Last, but not least, phytoremediation is plant-supported degradation of pollutants. There are multiple systems acting in phytoremediation including plant uptake, stabilization and degradation within the plant structure and root-zone degradation through rhizosphere biodegradation (plant excretion enhanced microbial biodegradation). These process result in ranges of as much as 99% reduction in hydrocarbon concentrations in an University of New Hampshire study and 87% in a University of Copenhagen study.
Soil and plant composition are the main factors that influence the effectiveness of these processes. Soil composition is particularly important as it supports, or inhibits, all the processes that are critical for hydrocarbon (and other pollutant) removal and degradation. Generally soil composition in stormwater projects is a sandy loam (or a blend of sandy loam with sand and/or compost) and a 2” to 6” (5 cm to 15 cm) deep mulch layer on top. The sandy loam layer typically ranges between 12” to 30” (30.5 cm to 76 cm) deep and consists of 55-90% sand, 0-35% silt and 0-20% clay from a soil classification perspective. For hydrocarbon removal, a soil blend with high adsorptive potential (higher clay and organic content) is important. Organic content supports good microbial growth which supports biodegradation of hydrocarbons and good plant growth which also supports microbial degradation and phytoremediation processes. Similarly, the mulch layer (high organic content, supportive of microbial growth and adsorption) provides removal and degradation of hydrocarbons.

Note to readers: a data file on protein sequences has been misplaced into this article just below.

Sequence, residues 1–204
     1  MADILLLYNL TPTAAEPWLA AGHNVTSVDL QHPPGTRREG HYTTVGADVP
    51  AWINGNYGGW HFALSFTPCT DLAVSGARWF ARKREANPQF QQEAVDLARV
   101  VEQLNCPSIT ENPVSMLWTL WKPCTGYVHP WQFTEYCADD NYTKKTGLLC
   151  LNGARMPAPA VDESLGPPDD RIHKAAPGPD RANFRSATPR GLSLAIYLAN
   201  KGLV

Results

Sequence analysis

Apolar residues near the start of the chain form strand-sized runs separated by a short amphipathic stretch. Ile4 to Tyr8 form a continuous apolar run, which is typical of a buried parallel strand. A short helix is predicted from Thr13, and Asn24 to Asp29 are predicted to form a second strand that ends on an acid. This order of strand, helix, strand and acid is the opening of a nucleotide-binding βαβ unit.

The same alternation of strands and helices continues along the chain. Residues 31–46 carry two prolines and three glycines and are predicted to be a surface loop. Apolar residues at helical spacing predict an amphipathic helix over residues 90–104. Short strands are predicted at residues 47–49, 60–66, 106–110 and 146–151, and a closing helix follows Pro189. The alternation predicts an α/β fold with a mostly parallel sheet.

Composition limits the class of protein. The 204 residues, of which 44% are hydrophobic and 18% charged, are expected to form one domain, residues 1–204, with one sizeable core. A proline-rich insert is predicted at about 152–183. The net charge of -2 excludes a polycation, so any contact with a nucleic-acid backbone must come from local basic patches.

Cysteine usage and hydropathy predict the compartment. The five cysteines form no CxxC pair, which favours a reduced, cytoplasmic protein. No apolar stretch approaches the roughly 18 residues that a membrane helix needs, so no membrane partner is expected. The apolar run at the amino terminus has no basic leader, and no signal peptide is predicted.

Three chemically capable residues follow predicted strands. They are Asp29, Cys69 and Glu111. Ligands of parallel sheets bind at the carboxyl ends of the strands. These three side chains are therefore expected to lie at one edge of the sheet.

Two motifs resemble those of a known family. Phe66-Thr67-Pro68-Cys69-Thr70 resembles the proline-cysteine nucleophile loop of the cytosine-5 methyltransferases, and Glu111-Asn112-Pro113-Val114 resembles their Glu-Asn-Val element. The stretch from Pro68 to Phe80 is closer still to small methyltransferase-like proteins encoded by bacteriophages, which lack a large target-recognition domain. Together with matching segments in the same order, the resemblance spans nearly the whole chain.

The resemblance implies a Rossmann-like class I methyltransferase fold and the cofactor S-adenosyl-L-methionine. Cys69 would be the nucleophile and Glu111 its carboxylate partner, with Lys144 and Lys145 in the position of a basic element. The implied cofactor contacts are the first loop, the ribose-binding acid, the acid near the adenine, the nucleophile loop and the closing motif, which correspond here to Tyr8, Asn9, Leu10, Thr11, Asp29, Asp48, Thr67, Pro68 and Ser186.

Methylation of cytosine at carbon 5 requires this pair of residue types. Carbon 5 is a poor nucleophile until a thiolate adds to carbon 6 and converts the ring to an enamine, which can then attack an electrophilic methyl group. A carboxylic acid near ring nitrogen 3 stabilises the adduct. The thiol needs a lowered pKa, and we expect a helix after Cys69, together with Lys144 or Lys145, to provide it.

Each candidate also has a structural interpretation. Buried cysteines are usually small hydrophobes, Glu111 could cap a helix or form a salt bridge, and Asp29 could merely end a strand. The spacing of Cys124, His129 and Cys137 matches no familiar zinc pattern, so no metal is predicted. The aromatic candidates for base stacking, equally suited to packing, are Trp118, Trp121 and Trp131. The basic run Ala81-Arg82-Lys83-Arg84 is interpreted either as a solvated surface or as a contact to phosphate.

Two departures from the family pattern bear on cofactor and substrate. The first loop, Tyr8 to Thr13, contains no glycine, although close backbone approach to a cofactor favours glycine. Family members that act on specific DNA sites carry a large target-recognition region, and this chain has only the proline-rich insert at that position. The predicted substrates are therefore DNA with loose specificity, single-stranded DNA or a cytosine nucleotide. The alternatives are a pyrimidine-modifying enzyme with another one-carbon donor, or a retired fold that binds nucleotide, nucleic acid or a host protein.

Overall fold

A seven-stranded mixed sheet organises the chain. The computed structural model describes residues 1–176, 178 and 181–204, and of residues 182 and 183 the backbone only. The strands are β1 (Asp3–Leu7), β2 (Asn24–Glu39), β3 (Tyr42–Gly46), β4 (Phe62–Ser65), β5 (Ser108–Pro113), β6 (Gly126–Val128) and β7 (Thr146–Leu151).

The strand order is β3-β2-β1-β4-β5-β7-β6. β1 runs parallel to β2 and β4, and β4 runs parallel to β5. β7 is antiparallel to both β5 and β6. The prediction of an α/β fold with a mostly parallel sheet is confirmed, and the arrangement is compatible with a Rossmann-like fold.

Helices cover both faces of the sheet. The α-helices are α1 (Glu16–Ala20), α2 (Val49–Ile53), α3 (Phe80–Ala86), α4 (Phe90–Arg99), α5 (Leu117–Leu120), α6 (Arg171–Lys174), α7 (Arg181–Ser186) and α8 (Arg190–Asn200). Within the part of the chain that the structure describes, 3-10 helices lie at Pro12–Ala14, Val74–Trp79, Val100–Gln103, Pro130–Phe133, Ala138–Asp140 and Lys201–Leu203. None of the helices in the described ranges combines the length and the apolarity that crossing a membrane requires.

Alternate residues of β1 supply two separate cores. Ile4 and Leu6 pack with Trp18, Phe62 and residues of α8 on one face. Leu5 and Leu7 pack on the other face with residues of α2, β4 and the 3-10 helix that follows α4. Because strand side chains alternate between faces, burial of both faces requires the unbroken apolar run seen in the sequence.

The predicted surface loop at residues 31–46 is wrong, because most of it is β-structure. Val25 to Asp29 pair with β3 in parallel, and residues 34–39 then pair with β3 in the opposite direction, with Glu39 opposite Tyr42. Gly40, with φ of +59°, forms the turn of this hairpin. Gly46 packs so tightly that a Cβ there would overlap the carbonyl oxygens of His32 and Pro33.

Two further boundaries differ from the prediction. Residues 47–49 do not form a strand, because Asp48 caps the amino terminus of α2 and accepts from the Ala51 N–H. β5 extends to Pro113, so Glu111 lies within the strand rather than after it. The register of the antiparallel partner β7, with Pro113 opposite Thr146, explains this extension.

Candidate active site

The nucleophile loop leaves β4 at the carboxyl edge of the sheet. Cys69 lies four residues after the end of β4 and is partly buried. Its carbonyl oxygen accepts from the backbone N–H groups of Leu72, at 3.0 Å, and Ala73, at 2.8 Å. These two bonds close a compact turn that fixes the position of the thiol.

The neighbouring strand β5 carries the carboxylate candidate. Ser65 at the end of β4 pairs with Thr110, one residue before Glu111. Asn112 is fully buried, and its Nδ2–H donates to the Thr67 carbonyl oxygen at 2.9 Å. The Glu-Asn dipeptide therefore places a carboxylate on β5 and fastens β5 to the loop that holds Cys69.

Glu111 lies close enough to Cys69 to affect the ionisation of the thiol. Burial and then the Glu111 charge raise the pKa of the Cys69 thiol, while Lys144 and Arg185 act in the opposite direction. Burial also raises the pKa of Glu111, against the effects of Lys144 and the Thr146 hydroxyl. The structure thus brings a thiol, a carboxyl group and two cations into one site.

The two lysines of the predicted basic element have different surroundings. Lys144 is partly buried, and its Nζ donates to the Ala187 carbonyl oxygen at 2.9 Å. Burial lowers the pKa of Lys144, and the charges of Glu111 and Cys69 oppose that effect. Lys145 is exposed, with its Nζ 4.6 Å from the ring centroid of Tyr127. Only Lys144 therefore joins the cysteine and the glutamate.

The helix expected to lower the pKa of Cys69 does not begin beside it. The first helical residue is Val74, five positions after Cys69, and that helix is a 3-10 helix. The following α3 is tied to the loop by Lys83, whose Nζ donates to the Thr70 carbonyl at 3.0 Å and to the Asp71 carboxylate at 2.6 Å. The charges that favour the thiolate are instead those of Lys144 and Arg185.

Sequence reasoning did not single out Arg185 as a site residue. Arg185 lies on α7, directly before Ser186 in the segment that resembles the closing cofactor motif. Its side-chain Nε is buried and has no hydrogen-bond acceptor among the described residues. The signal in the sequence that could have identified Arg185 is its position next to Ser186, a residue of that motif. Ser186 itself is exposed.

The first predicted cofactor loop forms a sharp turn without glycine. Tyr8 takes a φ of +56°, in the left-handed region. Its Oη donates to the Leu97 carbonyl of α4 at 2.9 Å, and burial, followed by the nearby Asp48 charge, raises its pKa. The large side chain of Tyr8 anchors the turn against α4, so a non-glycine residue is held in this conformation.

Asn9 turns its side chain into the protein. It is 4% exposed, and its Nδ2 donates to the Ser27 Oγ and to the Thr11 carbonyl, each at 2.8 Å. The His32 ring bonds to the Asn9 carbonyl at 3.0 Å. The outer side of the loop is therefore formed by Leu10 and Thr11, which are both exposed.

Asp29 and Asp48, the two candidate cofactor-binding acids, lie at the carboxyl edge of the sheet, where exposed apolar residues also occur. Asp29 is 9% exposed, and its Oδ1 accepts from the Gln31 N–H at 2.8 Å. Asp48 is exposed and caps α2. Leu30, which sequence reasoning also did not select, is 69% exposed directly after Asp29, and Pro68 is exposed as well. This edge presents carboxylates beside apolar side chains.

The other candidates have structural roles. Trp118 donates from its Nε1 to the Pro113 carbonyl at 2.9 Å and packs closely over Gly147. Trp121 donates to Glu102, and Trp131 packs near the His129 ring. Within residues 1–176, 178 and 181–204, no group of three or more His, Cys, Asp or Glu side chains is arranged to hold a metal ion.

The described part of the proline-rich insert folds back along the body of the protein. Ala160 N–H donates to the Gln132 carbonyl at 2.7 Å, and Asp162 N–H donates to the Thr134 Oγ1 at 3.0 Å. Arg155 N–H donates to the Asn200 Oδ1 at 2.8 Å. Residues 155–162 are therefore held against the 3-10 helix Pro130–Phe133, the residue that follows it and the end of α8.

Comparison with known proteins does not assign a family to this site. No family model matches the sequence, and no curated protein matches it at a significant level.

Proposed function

Plants also contribute significantly to the success of bioretention facilities. Simple comparisons of stormwater facilities demonstrate this over and over again. For example, wet ponds show buildup of contaminants in the pond bottom soils while planted bioretention facilities show degradation of hydrocarbons. Together, soil media and plants are shown to be significantly more effective than other BMPs (i.e. stormwater ponds) in removal and biodegradation of hydrocarbons.
Stormwater can contain many contaminants that are important to consider for your particular project site. As far as hydrocarbons are concerned, studies are clear that green infrastructure solutions that incorporate soil and plants are very effective at treatment and removal.
Austin, Gary. “Design And Performance Of Bioretention Beds For Removal Of Stormwater Contaminants.”
Bakacs, Michele et al. “Assessment of Car Wash Runoff Treatment Using Bioretention Mesocosms.”
Center for Public Environmental Oversight. “Phytoremediation.”
Dehais, Mary. “Bioretention: Evaluating their Effectiveness for Improving Water Quality in New England Urban Environments.”
Liu, Jai, et al. “Review and Research Needs of Bioretention Used for the Treatment of Urban Stormwater”
Minnesota Stomrwater Manual: Operation and Maintenance of Bioretention
Washington State Department of Transportation. “BMP Effectiveness Assessment for Highway Runoff in Western Washington.”
Patty Buchanan is a civil engineer at MIG|SvR.